Bivalves

Bivalves (Bivalvia) are a class belonging to the phylum of the Molluscs, which as its name indicates, have a shell formed by two shells. They are the second class of Molluscs, if we stick to the number of species belonging to the class of bivalves (13,000 living species). Within the bivalves we find species well known by all, such as mussels, clams, scallops and oysters. Approximately 80% of bivalve species are marine species. We can find both sessile species, which are anchored to rigid surfaces by means of filaments called byssus, and digger species which are buried at different depths in the sandy/muddy bottom, and even species with a certain swimming ability.

The body of the bivalves is flattened laterally, with no cephalization and characterized by two lobes of the mantle that cover the internal organs and are responsible for secreting two shells that have a hinge between them on the dorsal part. Both shells are additionally held together by abductor muscles and ligaments. In some marine bivalves, the mantle forms siphon structures that allow the bivalves to expel water through them to be buried in the sand or mud. Many species generate, through the mantle, mother-of-pearl as a defense mechanism. With this, they are able to isolate foreign particles that have entered the animal's body by means of a coating. By means of this mechanism, and either by accidental and natural form, or by artificial means, it is as the pearls are obtained. Bivalves have a very muscular foot, that they use mainly to bury themselves in the bottom, but that they can use to make limited movements. Some species of clams and scallops are capable by performing repetitive and sudden movements of closing/opening the shells, to obtain some jet propulsion. The size of the bivalves is very varied, with species that have a length of a few millimeters (1-2 mm), up to the giant clams of the Pacific (family Tridacna) that can reach more than 1 meter in length and weigh up to 225 kg.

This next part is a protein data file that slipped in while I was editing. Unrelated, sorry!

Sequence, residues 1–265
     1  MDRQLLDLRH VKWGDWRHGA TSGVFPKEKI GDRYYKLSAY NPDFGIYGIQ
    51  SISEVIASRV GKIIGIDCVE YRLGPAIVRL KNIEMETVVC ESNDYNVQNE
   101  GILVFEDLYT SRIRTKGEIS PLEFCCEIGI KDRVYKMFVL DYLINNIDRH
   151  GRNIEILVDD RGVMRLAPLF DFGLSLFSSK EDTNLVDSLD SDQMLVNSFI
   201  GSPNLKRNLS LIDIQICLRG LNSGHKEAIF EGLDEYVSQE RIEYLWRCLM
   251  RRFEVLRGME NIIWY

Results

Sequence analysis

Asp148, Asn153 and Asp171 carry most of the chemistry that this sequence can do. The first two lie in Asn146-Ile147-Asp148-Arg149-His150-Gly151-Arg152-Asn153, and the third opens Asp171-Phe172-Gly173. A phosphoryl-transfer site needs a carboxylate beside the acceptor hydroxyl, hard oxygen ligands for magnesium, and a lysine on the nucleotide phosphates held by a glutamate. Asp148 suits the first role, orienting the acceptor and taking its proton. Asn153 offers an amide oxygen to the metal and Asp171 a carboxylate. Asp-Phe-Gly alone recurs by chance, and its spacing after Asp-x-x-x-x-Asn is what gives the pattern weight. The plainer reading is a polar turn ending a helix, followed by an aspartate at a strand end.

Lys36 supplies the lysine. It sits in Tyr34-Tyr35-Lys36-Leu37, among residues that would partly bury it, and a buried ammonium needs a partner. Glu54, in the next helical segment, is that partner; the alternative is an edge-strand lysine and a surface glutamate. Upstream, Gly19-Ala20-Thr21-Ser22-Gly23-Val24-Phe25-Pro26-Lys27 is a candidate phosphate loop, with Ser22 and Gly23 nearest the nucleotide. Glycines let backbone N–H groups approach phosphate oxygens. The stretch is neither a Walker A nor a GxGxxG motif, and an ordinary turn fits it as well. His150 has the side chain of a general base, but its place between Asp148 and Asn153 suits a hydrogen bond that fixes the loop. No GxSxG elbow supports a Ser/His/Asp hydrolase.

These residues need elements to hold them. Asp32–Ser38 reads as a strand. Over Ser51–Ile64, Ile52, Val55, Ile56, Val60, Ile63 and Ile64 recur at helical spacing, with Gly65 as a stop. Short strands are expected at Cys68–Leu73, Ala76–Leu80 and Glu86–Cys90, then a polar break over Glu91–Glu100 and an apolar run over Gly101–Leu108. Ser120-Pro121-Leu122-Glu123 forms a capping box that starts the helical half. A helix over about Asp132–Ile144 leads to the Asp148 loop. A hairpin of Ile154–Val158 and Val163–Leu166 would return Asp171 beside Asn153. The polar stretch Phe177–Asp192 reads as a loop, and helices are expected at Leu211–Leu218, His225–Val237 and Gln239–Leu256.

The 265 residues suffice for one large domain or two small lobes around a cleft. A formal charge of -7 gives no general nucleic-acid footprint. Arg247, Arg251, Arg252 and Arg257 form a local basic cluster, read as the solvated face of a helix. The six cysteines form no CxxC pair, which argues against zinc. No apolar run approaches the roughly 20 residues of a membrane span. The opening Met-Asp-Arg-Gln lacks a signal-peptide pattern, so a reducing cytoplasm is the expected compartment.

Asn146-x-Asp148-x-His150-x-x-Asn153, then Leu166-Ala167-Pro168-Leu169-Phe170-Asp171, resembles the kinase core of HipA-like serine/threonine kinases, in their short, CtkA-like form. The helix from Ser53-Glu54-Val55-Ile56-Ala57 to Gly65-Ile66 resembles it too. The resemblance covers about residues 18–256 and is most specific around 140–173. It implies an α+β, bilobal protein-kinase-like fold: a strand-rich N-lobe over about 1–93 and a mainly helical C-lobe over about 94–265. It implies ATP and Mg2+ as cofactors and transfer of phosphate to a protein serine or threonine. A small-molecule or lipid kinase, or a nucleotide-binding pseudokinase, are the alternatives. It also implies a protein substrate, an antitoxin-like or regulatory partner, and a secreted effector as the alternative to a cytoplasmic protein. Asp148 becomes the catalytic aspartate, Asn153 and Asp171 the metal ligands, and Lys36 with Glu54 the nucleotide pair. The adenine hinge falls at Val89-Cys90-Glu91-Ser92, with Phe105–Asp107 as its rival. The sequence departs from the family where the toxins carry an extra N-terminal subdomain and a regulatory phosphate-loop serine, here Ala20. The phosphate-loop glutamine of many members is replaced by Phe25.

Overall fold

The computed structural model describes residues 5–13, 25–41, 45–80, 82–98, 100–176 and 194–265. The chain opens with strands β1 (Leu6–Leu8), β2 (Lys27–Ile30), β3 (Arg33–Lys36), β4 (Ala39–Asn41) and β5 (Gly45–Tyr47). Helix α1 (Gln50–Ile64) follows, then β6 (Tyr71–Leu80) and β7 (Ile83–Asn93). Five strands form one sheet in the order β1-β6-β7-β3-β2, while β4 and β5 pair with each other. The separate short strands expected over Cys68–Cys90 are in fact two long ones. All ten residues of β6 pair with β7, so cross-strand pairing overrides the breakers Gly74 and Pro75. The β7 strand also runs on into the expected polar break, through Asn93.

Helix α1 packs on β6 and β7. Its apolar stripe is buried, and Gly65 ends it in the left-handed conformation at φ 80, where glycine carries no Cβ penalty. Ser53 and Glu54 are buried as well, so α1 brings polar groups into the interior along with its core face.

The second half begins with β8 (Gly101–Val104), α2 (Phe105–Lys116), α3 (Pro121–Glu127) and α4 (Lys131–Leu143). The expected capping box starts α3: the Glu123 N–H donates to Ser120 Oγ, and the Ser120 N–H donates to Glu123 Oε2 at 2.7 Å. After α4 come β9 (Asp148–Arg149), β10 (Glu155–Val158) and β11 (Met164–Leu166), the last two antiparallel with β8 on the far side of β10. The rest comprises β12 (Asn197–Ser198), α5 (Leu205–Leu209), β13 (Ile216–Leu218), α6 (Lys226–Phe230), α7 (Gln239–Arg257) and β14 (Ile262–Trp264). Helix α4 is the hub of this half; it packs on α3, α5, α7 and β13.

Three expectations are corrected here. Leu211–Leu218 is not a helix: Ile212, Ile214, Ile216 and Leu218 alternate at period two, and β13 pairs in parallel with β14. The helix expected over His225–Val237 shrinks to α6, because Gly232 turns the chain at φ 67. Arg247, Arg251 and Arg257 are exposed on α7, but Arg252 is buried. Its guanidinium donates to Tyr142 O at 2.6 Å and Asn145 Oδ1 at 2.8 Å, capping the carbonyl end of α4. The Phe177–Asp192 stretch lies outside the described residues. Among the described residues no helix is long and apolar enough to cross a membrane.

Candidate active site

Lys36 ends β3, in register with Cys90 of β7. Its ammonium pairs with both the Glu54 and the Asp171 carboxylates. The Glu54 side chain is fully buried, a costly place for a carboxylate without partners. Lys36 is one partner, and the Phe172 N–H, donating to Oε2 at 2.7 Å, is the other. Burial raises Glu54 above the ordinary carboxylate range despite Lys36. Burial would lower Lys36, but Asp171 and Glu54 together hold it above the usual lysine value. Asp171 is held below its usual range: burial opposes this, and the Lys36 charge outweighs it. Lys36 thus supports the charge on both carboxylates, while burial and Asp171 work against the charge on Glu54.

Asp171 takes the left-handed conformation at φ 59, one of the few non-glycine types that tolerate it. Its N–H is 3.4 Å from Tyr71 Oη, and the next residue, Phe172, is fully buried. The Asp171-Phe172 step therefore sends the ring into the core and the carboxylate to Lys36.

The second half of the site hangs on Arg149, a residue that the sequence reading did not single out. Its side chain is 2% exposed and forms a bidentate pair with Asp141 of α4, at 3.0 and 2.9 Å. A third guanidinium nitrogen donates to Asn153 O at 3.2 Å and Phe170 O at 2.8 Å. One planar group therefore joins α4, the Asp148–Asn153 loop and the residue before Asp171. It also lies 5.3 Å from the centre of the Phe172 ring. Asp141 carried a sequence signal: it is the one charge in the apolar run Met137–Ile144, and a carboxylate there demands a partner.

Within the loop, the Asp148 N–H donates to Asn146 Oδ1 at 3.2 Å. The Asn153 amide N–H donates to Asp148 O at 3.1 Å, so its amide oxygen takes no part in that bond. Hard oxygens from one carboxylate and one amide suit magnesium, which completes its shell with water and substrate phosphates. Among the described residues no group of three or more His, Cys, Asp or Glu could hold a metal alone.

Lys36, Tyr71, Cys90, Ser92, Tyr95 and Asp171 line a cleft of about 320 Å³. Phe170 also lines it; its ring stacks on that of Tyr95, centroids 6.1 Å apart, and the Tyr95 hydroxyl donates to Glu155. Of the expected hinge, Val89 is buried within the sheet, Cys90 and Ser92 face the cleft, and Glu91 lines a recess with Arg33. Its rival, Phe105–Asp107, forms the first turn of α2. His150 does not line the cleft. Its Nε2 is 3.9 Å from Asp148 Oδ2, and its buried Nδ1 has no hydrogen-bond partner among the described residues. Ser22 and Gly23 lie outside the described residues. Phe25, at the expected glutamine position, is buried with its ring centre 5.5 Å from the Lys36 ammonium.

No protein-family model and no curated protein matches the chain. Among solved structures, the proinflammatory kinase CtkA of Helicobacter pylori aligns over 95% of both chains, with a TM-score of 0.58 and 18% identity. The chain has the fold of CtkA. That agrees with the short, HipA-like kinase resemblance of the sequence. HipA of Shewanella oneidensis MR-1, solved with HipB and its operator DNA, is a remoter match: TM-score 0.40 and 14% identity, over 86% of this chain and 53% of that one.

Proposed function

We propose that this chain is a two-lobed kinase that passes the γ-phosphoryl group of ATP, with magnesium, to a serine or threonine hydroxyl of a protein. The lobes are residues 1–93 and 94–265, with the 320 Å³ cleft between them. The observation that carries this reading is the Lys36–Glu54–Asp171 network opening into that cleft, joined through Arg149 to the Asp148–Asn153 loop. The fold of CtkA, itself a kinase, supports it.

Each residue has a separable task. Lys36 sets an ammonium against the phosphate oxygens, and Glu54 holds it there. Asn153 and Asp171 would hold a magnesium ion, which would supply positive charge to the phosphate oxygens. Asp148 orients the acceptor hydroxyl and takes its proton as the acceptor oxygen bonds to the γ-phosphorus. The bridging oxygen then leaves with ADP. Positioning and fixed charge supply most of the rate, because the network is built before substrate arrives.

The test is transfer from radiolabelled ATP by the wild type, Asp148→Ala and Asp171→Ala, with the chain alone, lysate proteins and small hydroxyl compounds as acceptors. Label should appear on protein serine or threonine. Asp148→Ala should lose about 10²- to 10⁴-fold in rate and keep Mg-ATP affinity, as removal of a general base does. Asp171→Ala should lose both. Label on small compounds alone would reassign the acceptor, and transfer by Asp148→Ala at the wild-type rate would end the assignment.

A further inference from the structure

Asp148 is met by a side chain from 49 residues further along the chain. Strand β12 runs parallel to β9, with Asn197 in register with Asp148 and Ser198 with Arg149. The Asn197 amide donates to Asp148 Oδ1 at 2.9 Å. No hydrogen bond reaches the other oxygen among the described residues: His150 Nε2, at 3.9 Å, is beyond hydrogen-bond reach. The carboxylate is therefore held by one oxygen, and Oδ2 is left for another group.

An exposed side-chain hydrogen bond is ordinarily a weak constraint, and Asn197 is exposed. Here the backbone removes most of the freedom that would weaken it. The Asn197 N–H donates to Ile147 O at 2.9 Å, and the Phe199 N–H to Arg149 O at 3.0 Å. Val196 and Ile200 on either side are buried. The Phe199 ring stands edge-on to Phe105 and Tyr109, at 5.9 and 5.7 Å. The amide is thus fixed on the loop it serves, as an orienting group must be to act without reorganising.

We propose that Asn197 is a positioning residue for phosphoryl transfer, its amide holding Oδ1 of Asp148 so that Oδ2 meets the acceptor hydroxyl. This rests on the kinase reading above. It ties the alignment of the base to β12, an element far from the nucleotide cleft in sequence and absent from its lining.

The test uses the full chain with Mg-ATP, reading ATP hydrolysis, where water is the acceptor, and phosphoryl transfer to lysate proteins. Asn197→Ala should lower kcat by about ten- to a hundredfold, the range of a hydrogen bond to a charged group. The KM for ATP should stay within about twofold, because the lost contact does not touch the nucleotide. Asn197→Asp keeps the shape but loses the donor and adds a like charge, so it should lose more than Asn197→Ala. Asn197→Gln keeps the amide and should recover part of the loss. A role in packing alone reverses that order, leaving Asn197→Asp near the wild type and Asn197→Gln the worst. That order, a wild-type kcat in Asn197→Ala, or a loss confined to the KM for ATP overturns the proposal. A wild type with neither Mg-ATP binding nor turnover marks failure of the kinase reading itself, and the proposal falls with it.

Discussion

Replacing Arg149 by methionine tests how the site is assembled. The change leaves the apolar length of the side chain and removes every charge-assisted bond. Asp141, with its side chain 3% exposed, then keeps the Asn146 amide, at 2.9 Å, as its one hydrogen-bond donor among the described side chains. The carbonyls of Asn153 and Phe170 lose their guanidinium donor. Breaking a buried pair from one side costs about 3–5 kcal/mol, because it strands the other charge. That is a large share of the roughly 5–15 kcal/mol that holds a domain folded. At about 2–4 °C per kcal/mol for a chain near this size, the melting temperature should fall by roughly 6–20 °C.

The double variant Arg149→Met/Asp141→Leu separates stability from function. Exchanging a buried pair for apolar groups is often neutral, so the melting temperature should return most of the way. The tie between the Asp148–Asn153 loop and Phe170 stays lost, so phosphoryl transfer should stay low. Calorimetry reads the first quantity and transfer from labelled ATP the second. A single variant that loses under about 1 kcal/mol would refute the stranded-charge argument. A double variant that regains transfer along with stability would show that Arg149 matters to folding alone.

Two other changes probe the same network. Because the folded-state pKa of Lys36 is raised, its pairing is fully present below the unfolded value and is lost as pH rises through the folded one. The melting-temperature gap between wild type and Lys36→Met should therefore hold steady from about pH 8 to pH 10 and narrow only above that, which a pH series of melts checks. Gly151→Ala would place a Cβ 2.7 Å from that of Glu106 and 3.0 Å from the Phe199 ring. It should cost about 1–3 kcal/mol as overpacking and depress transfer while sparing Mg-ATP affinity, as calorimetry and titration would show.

Most bivalves feed by filtering the suspended particles in the water with their gills. Other forms of feeding present in some species of bivalves are the feeding of the deposits present in the bottoms, the predation of small invertebrates and Crustaceans, feeding from the decomposition of the wood, and there are even species that have established symbiotic relationships with zooxanthellae algaes, which give them total or partial energy requirements.

They are a class of species of great importance for the feeding of many species, including humans. Due to their feeding form, mainly filtering, they have the capacity to accumulate contaminating substances, bacteria, virus or toxins, if these are present in the water. This can cause certain intoxications after their ingestion, if the waters in which they were found were not pristine. On the other hand, this fact makes bivalves an excellent bioindicator of the quality of the water in which they live.

Their calcium carbonate shells have made bivalves the best represented class of animal in the fossil record.


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